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Illinois Cities Face Revenue Shortfall, Ask Feds For Help

Nearly 200 cities told the Illinois Municipal League that they expect to bring in less money from taxes on shopping, gaming, gas and other sources due to the coronavirus pandemic. The responses come from a survey conducted between June and July.

Cities expected a median reduction of 20% to 30% in their revenues compared to last year, according to the survey. Nearly half the respondents said they are considering laying off staff or reducing services in order to address budget shortfalls.

On a virtual eventhosted by Springfield’s mayor, Brad Cole, executive director of the Illinois Municipal League, said the results are what he expected to hear. Cole said they’re lobbying the federal government to ask for help.

“To get more direct municipal aid that would allow for reimbursement of lost revenue, those motor fuel tax, hotel-motel, sales tax... that’s where you’re really going to have a budget hole that’s going to be hard to plug,” he said.

Decatur Mayor Julie Moore Wolfe said layoffs and furloughs are the last thing she wants to consider, but may have to. She said her central Illinois city is facing a $5.5 million revenue shortfall.

“If we don’t get help in a major way, I don’t know how we recover,” she said. “I can’t tax my citizens more. There’s just no more money to come back to us.”

Springfield Mayor Jim Langfelder and North Chicago Mayor Leon Rockingham, Jr. described similar situations in their cities.

Springfield could see between an $8.7 million and $14.3 million drop in revenues next fiscal year, according to a budget presentation from last week.

Rockingham gave one example of how the pandemic is affecting city revenues, specifically from hotel taxes. He said weekly graduation ceremonies at the Naval Station Great Lakes, near North Chicago, would fill hotel rooms in the city. Without the in-person graduation ceremonies, the city no longer gets that revenue.

“All the entertainers, all the restaurants are affected by the fact that every weekend that was their source of revenue to maintain their restaurants,” he said.

Springfield is seeing similar trends, as legislators didn’t travel to the capital city for session this spring, the State Fair was canceled and the normally busy summer for tourists is slow.

The first coronavirus aid package earmarked money to governments specifically to pay for costs associated with addressing COVID-19. The Illinois General Assembly allocated $250 million of that money for city and county governments outside of Chicago and its suburbs. Chicago and the collar counties got a separate allocation of funds.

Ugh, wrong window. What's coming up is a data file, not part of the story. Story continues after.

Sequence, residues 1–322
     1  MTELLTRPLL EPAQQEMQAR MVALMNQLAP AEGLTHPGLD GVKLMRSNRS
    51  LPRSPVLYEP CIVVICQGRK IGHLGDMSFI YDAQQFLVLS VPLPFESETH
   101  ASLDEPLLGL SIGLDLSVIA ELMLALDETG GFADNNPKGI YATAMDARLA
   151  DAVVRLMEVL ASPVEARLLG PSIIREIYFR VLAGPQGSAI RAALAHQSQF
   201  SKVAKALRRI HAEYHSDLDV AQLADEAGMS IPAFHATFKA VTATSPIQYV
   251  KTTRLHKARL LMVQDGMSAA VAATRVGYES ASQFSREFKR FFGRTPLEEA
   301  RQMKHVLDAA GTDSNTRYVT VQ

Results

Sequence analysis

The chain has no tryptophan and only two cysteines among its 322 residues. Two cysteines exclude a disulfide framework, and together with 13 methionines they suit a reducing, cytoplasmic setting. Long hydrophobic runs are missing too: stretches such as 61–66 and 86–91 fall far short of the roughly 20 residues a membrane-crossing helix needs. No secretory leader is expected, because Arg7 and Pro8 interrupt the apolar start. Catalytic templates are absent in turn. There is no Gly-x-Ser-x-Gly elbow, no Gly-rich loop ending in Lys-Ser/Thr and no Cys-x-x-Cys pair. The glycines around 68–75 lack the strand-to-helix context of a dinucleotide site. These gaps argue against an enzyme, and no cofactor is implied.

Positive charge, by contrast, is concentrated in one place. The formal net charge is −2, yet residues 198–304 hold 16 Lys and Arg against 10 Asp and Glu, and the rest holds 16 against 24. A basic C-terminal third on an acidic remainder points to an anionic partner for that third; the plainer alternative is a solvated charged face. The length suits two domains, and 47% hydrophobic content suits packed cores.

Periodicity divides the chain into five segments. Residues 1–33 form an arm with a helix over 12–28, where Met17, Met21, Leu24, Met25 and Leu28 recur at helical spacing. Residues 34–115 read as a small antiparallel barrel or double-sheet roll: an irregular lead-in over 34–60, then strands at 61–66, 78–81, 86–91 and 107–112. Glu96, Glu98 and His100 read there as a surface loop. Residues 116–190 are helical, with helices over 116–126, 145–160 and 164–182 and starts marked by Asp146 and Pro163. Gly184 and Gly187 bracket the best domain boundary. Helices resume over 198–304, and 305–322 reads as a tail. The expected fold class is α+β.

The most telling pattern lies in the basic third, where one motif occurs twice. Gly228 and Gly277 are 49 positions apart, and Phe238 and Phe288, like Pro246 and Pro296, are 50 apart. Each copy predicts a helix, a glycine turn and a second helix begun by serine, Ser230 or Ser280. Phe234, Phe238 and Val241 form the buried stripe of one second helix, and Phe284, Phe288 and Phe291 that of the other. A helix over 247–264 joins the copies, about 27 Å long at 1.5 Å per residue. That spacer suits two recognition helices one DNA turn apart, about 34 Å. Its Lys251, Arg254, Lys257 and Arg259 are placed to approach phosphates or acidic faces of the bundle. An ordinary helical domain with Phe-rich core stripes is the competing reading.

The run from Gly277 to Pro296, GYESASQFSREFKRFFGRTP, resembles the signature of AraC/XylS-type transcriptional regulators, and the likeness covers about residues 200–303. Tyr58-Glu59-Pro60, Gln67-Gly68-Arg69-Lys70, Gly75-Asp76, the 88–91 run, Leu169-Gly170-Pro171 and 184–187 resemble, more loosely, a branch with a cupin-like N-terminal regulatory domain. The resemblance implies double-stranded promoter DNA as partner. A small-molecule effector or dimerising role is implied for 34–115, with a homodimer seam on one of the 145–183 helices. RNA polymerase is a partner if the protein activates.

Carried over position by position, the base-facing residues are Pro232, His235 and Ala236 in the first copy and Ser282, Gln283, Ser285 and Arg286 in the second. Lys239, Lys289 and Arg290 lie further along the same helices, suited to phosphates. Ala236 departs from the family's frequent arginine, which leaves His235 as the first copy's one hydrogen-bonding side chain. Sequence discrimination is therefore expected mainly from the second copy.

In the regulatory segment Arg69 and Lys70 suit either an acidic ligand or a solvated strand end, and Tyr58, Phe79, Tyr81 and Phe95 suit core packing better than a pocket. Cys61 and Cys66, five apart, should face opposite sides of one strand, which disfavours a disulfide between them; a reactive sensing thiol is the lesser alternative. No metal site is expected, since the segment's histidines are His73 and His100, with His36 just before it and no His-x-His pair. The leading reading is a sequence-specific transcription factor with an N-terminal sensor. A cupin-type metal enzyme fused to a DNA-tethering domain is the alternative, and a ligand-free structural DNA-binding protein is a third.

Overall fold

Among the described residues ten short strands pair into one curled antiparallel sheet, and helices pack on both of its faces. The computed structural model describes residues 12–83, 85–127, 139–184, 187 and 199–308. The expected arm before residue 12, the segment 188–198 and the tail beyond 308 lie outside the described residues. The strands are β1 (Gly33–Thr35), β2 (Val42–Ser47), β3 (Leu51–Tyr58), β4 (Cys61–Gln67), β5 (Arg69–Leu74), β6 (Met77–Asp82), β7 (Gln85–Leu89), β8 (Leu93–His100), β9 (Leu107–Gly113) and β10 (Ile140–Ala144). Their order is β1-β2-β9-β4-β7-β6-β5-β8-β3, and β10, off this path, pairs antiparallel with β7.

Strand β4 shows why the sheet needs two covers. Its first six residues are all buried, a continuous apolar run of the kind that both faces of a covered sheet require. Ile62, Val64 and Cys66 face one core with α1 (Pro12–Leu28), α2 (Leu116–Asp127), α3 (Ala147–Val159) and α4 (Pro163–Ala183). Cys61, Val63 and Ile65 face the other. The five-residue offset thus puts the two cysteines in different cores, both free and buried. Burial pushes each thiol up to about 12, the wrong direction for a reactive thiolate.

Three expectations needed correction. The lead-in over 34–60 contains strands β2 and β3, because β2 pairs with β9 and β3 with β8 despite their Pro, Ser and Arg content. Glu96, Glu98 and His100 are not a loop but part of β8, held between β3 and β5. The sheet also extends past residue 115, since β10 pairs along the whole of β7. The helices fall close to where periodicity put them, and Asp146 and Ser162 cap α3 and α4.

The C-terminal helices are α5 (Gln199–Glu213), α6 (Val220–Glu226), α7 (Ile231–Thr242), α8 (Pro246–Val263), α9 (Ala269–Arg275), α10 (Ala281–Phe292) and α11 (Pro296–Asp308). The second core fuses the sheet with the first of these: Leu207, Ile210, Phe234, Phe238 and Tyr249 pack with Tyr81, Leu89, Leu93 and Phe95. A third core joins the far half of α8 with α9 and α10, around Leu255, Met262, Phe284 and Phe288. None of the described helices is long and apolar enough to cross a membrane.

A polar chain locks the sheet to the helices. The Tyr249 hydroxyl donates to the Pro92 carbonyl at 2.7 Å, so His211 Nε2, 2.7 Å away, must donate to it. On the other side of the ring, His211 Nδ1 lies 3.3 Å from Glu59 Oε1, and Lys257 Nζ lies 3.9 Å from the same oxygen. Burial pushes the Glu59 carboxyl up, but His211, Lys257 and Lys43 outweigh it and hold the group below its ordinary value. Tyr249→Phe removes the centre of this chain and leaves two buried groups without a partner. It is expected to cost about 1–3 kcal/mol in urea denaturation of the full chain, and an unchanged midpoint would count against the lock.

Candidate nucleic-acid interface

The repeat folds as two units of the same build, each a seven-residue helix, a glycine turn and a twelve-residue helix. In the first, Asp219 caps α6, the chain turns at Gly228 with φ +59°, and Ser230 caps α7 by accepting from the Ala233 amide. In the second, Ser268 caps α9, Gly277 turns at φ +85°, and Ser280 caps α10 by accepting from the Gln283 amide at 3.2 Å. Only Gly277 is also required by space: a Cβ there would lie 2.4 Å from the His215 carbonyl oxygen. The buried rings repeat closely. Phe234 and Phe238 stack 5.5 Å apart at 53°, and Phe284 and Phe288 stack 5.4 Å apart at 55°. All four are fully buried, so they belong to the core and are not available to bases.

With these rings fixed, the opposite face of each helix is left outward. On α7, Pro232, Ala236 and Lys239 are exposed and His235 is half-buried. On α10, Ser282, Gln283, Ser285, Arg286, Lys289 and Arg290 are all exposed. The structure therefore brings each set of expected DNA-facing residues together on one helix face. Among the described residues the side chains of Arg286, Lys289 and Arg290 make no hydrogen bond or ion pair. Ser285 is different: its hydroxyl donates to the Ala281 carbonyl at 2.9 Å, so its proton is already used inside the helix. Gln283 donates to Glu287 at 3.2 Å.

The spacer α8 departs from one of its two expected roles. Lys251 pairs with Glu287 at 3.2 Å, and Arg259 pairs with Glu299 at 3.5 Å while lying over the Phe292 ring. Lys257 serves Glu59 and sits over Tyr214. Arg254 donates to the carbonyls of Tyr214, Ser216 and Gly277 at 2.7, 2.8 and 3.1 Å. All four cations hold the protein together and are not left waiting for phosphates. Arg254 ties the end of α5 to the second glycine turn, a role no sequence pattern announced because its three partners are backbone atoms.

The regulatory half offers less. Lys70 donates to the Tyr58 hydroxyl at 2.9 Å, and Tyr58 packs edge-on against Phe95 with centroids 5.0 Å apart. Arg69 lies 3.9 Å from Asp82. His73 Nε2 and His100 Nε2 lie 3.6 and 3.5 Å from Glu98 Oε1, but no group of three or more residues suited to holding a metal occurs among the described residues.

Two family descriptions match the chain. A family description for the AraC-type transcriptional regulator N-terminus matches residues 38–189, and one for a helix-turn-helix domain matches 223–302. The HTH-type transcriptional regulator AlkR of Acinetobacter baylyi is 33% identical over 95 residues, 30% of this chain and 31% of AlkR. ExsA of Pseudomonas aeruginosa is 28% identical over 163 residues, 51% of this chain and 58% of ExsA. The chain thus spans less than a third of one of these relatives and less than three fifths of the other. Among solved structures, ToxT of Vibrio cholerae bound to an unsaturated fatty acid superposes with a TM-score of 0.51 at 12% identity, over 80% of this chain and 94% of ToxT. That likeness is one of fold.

Local governments can start applying for grants this week. But Cole said that cities have not yet seen the federal money. A spokeswoman for the Department of Commerce and Economic Opportunity blamed delays in part on the IML’s efforts advocating for more funding.

Cole acknowledged there had been disagreement with the state over how and how much of the federal dollars would be given to cities.

“We wish we could have gotten more of that out,” Cole said.

The amount of money for each local government is determined by population counts. For example, Springfield is eligible for up to $4.8 million to cover things like overtime costs for first responders and purchases of personal protective equipment to deal with the pandemic between March and the end of this year.

The money does not cover lost revenue, which is what Cole and others are lobbying for in the second federal aid package.

U.S. Sen. Tammy Duckworth, an Illinois Democrat, said she backs the push and there is some support from the White House. Democrats in the House of Representatives approved a plan that would give billions to states and cities around the country. But Duckworth said the plan hinges on getting Republicans to agree.

Copyright 2020 NPR Illinois | 91.9 UIS. To see more, visit .

Mary is a reporter at NPR Illinois and graduated from the Public Affairs Reporting program atUISand received her BA in International Studies from American University. Previously Mary worked as a planning consultant and reported for the State Journal-Register where she covered city government.